And our hero isn't exactly, well, heroic, is he? He's cold, conceited, humourless and weirdly preoccupied with his chosen profession. There's that terrifying list Dr Watson makes of his arcane abilities alongside the scary gaps in his knowledge. All those years ago, this wasn't what I expected of a hero. I expected charm, bravery, kindness – but you know what, I kept reading. And what kept me going were the deductions. Oh, those thrilled me. The first time they meet, Sherlock instantly knows that Watson is recently returned from Afghanistan. But how? Doyle made you wait for that one, didn't he? And then he visits his first crime scene, and tells everyone that the murderer had a florid face. I remember boggling – how was that possible? How could a face leave traces in the air? Again, Doyle leads you by the nose and you're gobbling up the pages, desperate how to find out how the trick is done.
By the end of the book, I wasn't sure I liked Sherlock Holmes – frankly, how could you? – but I'd never before been so captivated and thrilled by a character I'd read about in a book. And it was because he wouldn't let me settle, I never knew where I was. One minute I'd be in awe of his brilliance, the next he'd slap me in the face with his arrogance and cruelty. And that master-storyteller Doyle just keeps making it worse and better. In the very next book, The Sign of Four, he's taking drugs to alleviate the boredom between cases – I was genuinely shocked – but then he's deducing a man's entire life from a pocket watch and I was thrilled again. At the same time, he's being mean to Dr Watson, saying some unforgiveable things about women, and in a stroke of genius that Doyle was to repeat throughout the series, even roundly criticising the stories in which he appears! If you want to read the worst review A Study in Scarlet ever got, read the sequel – Sherlock Holmes officially hates this book as an account of his work, and it's high time some enterprising publisher quoted one of his put downs on the cover. I am often lost in admiration for Doyle's abilities, but the sheer audacity of that idea – the cheek and the confidence -makes me laugh every time.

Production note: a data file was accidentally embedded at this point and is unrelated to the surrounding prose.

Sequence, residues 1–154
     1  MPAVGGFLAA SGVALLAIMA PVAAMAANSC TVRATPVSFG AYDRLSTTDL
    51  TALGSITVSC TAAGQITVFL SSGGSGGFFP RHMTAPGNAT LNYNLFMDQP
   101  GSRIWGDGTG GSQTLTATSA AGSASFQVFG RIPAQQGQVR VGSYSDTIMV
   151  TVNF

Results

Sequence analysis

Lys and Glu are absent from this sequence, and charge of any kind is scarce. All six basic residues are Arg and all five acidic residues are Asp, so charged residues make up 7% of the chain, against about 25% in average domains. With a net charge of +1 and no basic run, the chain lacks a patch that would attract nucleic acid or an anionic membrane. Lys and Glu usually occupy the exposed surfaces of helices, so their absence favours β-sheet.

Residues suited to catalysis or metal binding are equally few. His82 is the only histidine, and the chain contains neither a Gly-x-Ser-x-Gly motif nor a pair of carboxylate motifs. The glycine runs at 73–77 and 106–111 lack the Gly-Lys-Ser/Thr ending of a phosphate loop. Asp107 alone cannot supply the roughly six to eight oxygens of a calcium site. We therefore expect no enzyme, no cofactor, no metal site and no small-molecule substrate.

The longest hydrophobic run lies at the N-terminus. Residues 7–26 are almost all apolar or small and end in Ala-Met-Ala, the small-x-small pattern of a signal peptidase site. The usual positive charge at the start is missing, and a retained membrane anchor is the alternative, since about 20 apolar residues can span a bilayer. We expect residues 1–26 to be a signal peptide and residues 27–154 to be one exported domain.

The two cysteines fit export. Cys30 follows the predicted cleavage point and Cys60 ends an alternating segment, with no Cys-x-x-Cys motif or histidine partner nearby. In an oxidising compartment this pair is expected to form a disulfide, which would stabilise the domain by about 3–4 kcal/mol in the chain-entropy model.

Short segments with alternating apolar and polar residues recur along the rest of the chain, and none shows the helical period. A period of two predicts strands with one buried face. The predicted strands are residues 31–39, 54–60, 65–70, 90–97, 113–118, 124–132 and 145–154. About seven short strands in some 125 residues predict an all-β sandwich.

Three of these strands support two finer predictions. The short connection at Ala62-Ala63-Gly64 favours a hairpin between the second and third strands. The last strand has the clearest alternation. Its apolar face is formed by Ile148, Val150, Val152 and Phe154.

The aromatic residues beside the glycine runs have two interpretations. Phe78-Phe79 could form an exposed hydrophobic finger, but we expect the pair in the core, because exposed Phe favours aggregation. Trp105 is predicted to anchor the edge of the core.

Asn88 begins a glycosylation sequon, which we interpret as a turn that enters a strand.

There's another story running through these tales, and its one that creeps up on you, so slowly you hardly know its there. And like all things that occur to you to by degrees, it's the most important thing of all. All these brilliant tales, taken together, are the story of a friendship. The best and longest and warmest friendship in all fiction. That these two men love each other isn't in the slightest doubt, but its never ever, said, never mentioned. They have adventures together. Holmes is cruel, Watson is patient, Holmes is brilliant, Watson is brave but they're always together, always trust each other absolutely, and that's all there is to it. Like most male friendships, everything is assumed, and nothing is spoken of.
Oh, except for once. Just once, and that's your lot. If you're going to read in order, like I did, you've got a long time to wait for The Adventure of the Three Garridebs, but patience, and keep reading in order – you'll be blinking back the tears when the moment comes.
The other day, Mark and I were doing a press conference for the next series of Sherlock and someone, inevitably, asked what was the enduring appeal of Sherlock Holmes. Mark answered 'The deductions. And of course, the friendship.' If the Sherlock Holmes stories are the biggest hit in fiction – and they clearly are – then what we can deduce about the human race, from its choice of heroes? That above all, we love sweet reason, and good friendship.
I think I can live with that.